Tuesday, July 10, 2007

Whither Harlem? (Observations on West African food)

Mor Thiane owns Keur Mamma Diallo, a wonderful, humble Senegalese restaurant (listed below) on Frederick Douglass Boulevard. It's one of those gentle gems, not showy but welcoming and delicious - that, I fear, is being obscured by some of the newer, more upscale places making their way into Harlem.

In some ways, Harlem is simply changing too fast. A few of my thoughts about Harlem follow below...

One of my two favorite restuarants in Harlem, Sokobolie, at 2523 Frederick Douglass Boulevard just north of 135th Street, is in the throes of change. Guinean owner Lariou Diallo, who opened his first place about 14 years ago (I'm not sure it was at this location then) has created a very popular venue with his West African buffet - the only one I know of in Manhattan. There I've had amazing oatters of peanut stew, okra stew, cassava leaf stew, with various combinatons of goat, lamb and beef. There are different types of rice and some couscous - long grained and short grained rices all prepared in different, delicious ways. I usually get a home-made, sinus-clearing ginger beer with my meals and have taken several tour groups there. It's the type of place I used to pass by many times - the exterior is entirely uninviting - until one day, a few years ago, I just decided to look inside and found a warm welcome.

Well, I've also been worrying about Sokobolie, because it's in a two-story building in an area of Harlem where new condos and fancy, upmarket rehabs are becoming the norm. Lo and behold, a few months back I noticed a new canopy across the street announcing the imminent arrival of "Baraka," featuring an African buffet. New competition, I wondered? But I hadn't noticed the small print: "The old Sokobolee" - yes, with a different spelling.

Then, in early June, Dario Diallo, Lario's sister, told em that the grand opening would be taking place on a Sunday evening when the prime minister from Guinea was in town. So I headed over for the event. Although I'd been told the ribbon-cutting would take place some time "after 7 PM," I wasn't expecting it to be at 9:45 PM, but so it was. By then, men and women - the women in gorgeous African gowns and headscarves - were packing the front of the restaurant and spilling into the street, which had been closed off for this event. (Fortunately, it was a comfortable summer evening.) The prime minister, Lansana Kouyate, wore a white tunic and a white fez-like hat. He cut the ribbon and an elite group of people crowded into the new restaurant, which was full of food. Being an "onlooker" and non-invitee, I went to the local deli, bought a vanilla "Coke Zero" and headed home.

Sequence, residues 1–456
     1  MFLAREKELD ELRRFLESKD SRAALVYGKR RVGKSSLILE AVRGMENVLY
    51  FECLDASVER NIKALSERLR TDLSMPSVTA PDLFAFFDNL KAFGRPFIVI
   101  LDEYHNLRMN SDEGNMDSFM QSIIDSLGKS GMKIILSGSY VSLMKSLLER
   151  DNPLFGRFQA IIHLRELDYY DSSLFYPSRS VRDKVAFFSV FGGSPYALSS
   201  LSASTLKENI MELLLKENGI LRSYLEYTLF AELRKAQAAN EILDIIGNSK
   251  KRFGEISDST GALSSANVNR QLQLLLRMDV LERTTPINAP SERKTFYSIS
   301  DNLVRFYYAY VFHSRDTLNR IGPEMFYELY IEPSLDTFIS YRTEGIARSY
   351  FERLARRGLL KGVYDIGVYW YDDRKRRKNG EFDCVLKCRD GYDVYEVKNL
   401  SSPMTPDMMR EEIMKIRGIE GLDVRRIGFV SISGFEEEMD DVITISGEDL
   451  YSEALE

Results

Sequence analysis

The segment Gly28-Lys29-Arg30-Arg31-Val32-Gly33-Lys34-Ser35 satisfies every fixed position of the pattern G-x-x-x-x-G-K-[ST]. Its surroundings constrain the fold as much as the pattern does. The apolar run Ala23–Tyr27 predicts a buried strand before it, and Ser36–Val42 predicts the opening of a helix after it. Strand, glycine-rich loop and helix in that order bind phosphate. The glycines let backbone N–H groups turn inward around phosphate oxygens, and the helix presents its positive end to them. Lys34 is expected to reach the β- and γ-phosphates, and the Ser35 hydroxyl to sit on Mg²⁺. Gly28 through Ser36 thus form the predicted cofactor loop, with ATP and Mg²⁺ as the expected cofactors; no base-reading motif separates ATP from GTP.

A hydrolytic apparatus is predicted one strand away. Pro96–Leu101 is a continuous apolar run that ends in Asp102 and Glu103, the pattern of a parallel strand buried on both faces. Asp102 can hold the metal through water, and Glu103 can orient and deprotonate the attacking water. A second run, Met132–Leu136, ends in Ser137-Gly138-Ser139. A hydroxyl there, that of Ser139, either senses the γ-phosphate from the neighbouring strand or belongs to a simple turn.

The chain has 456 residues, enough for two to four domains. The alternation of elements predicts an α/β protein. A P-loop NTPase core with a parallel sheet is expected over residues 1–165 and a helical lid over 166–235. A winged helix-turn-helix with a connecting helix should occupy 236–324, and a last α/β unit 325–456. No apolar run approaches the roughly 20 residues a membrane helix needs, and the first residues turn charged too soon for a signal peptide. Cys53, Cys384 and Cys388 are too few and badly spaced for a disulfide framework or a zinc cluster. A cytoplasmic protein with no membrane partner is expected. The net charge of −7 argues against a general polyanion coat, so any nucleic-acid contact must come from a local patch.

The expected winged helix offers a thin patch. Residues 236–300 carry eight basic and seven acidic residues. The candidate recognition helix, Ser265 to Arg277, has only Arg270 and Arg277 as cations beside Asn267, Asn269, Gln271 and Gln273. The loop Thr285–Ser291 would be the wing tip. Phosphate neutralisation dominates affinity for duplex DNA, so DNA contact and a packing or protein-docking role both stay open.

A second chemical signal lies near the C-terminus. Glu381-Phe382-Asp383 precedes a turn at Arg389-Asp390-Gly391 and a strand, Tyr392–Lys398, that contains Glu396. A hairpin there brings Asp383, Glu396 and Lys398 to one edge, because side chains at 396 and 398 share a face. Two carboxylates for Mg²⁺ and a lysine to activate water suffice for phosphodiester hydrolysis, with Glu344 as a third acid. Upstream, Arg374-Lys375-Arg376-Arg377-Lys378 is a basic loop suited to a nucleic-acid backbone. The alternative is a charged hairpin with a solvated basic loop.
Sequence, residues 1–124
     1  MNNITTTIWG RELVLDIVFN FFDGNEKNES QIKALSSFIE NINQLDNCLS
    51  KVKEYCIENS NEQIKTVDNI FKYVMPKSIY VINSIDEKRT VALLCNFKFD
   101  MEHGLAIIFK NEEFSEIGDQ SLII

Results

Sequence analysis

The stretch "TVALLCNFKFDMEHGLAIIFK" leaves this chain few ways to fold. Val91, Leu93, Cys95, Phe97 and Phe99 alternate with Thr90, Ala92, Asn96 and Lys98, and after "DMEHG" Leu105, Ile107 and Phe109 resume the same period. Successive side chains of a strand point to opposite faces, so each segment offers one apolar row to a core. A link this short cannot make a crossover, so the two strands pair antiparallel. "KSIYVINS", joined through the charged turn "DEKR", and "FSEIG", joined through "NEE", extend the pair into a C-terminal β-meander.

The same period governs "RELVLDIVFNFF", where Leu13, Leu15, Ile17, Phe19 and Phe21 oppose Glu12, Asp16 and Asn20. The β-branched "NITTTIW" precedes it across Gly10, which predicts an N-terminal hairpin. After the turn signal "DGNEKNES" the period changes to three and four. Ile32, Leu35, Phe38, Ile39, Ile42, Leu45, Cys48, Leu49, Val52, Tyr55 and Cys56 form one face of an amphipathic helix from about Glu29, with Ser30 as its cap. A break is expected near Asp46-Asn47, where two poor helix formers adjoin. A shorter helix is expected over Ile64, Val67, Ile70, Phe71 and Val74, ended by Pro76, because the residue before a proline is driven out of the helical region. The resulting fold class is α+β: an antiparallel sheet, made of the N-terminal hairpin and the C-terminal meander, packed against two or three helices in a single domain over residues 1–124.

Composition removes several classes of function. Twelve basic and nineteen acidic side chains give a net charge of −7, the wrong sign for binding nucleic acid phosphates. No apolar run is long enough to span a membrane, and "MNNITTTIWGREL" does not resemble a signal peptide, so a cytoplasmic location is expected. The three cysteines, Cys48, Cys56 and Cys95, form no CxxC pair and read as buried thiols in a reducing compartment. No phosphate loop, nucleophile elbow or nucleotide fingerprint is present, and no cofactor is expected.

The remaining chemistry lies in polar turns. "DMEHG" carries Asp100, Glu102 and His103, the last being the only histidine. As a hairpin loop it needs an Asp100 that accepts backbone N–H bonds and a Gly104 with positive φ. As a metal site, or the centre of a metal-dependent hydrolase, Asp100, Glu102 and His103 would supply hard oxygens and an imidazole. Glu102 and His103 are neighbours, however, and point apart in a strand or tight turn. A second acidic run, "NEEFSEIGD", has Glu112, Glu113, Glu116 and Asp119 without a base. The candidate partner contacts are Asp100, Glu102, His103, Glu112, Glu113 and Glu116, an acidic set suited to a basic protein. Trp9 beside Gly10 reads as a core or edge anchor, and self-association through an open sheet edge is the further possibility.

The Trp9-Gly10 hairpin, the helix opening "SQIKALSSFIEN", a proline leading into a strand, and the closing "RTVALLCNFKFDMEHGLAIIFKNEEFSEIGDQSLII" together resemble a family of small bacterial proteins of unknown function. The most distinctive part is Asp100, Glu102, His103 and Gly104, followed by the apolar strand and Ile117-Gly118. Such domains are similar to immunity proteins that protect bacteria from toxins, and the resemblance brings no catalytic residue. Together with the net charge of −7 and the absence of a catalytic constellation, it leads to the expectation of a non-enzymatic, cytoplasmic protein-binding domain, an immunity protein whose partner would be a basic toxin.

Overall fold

Aliou had mentioned that he hired a Dominican chef to add Caribbean dishes to the new place, so that, effectively, this would be New YOrk City's first African-Dominican restaurant. It was larger than the original, and gorgeous. I couldn't wait to take folks there.

Two weeks later, I was leading a custom tour through the neighborhood, planning on ending at the new Sokobolie/Baraka. Alas, it was closed, but the old one was still open. Dariou was there, looking sad. "We still need to pass some inspections," she said, and couldn't give me an opening date.

Oh well.

I had a great meal recently at Keur Mamma Diarra at 2491 FDB (128th St). It's a 7-year-old Senegalese place that Mor Thiane has run for about 2 years. I had a peanut butter stew with lamb and basmati rice, so delicious I practically drank it. I also like to buy the thiakry there - it's either a breakfast or dessert, made with couscous, sour cream, and fruit. I presume a critical amount of sugar is added because it's quite sweet, and I'm not sure the sweetness comes only from the fruit! A nice feature of this place is the free coffee, and it is STRONG - just what I needed last time I visited. Thiane is a wonderful, welcoming man, who is pleased that more "white people," as he bluntly put it, are interested in his food. He already apparently is doing well, but is happy to benefit from increased Harlem tourism!

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